10-Year Experience: Routine Assessment of Health Related Quality of Life in Head & Neck Cancer Patients
Teresa Sequeira1,2, Eurico Monteiro1,3, Lurdes Carvalho3, Augusta Silveira1,2
1Faculty of Health Sciences, Fernando Pessoa University, Portugal
2Center for Studies and Research in Health of Coimbra University (CEISUC), Portugal
3Portuguese Institute of Oncology-Porto, Otorhinolaryngology Service, Porto, Portugal
Submission: December 12, 2017; Published: December 18, 2017
*Corresponding author: Teresa Sequeira, Fernando Pessoa University, Faculty of Health Sciences, Rua Carlos da Maia, 296, 4200-150 Porto, Portugal, Tel: +351 22 5074630; Fax: +351 22 5074637; Email: firstname.lastname@example.org
How to cite this article: Teresa Sequeira, Eurico Monteiro, Lurdes Carvalho, Augusta Silveira. 10-Year Experience: Routine Assessment of Health Related Quality of Life in Head & Neck Cancer Patients. Glob J Oto 2017; 12(2): 555835. DOI: 10.19080/GJO.2017.12.555835
Clinical outcomes are daily used in head and neck oncology clinical practice. Clinical outcome assessments can be classified into categories according to who makes the report: clinician-reported outcome assessment (health professional); observer-reported outcome assessment (caregiver) and patient-reported outcome assessment (patient or proxies). We present our opinion and we share our experience concerning routine assessment of Health Related Quality of Life outcomes and its incorporation in head and neck cancer clinical practice. The critical factors for successful implementation we identified in a decade of experience were: the institutional approval and support, the inclusion of all first line caregivers, the standardization of team objectives and institutional proposes; team formation and training, promotion of defined workflow in daily clinical practice and the continuous monitoring and analysis. Ten years after, our team developed a much broader and inclusive understanding of Health Related Quality of Life importance in the course of the disease. Head and neck cancer patients consider the questionnaires administration as part of the clinical approach - they know that someone, somewhere, will use these patient-centered outcomes to improve healthcare quality - this is also our main goal.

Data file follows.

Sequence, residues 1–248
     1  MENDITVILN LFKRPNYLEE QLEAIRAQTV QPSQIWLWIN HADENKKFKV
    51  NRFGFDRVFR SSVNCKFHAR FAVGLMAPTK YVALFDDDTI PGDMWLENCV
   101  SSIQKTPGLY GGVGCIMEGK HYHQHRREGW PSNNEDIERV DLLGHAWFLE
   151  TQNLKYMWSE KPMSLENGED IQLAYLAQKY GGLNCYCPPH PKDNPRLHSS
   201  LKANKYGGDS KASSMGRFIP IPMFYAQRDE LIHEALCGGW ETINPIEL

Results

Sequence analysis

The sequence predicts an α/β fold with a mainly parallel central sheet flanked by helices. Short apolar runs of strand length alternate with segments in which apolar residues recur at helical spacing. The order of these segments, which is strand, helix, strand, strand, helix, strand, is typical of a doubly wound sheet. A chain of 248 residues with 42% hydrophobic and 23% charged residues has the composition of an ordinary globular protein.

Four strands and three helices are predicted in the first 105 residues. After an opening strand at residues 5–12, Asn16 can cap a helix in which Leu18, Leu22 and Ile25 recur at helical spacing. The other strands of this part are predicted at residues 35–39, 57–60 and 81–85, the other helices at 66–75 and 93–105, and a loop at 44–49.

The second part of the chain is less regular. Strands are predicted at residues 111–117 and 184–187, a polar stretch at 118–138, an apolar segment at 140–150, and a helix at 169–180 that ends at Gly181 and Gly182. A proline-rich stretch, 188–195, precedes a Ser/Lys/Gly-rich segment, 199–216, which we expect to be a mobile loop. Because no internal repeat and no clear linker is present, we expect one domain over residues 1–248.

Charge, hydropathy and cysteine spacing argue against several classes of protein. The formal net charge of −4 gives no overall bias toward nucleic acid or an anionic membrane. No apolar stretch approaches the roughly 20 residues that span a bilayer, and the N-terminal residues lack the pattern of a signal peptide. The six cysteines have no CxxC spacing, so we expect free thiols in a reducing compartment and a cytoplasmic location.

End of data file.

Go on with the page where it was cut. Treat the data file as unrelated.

Keywords: Head and Neck cancer; Oncology; Quality of life; Patient outcome results; Routine assessment; Implementation; Experience
As researchers in head and neck cancer clinical outcomes for ten years, our major challenges have been: the clear standardization and objective definitions of key outcomes useful for research and clinical practice, the choice of the most appropriate measurement tools validated for the population of interest, providing a plan for potential bias minimization, sensitivity analysis definition and identify critical success factors for routine assessment implementation. We present our opinion and we share our experience concerning the implementation of Health Related Quality of Life (HRQoL) outcomes in routine head and neck cancer clinical practice.